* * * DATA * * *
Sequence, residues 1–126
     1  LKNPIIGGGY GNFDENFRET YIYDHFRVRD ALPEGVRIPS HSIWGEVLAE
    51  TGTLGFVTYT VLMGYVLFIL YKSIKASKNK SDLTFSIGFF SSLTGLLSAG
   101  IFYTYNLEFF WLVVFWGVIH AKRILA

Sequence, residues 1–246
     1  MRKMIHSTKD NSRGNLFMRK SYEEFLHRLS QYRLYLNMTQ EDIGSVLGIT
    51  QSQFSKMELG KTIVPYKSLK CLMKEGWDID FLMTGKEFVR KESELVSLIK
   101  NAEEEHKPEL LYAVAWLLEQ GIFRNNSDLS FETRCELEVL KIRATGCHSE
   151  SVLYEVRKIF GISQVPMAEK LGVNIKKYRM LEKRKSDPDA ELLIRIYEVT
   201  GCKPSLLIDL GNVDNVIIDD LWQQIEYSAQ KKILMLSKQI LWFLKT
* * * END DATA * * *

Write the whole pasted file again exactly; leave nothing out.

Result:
Sequence, residues 1–126
     1  LKNPIIGGGY GNFDENFRET YIYDHFRVRD ALPEGVRIPS HSIWGEVLAE
    51  TGTLGFVTYT VLMGYVLFIL YKSIKASKNK SDLTFSIGFF SSLTGLLSAG
   101  IFYTYNLEFF WLVVFWGVIH AKRILA

Sequence, residues 1–246
     1  MRKMIHSTKD NSRGNLFMRK SYEEFLHRLS QYRLYLNMTQ EDIGSVLGIT
    51  QSQFSKMELG KTIVPYKSLK CLMKEGWDID FLMTGKEFVR KESELVSLIK
   101  NAEEEHKPEL LYAVAWLLEQ GIFRNNSDLS FETRCELEVL KIRATGCHSE
   151  SVLYEVRKIF GISQVPMAEK LGVNIKKYRM LEKRKSDPDA ELLIRIYEVT
   201  GCKPSLLIDL GNVDNVIIDD LWQQIEYSAQ KKILMLSKQI LWFLKT